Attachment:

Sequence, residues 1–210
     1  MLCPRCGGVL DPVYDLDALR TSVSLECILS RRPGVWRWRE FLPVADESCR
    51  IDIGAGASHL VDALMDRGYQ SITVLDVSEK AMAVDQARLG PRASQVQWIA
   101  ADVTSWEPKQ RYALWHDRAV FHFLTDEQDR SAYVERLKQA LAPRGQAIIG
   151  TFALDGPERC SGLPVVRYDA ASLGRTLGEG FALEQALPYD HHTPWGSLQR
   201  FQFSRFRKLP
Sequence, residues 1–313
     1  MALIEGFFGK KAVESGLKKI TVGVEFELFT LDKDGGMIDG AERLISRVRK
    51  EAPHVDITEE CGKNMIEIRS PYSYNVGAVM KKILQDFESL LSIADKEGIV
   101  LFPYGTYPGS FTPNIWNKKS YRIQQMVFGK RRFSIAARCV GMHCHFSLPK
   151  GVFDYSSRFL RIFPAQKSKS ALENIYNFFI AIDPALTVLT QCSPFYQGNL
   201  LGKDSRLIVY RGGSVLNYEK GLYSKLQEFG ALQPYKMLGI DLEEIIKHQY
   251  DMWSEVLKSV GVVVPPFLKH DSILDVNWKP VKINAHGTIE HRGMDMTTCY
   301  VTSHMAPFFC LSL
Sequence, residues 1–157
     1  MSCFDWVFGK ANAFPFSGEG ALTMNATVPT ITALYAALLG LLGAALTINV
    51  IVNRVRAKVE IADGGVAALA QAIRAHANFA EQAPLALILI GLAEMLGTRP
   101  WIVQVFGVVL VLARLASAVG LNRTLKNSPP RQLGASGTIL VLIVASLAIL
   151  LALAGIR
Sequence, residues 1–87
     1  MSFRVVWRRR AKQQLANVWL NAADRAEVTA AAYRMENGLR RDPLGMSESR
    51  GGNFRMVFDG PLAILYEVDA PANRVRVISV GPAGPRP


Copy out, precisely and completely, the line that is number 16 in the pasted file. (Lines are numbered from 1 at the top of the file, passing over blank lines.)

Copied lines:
     1  MSCFDWVFGK ANAFPFSGEG ALTMNATVPT ITALYAALLG LLGAALTINV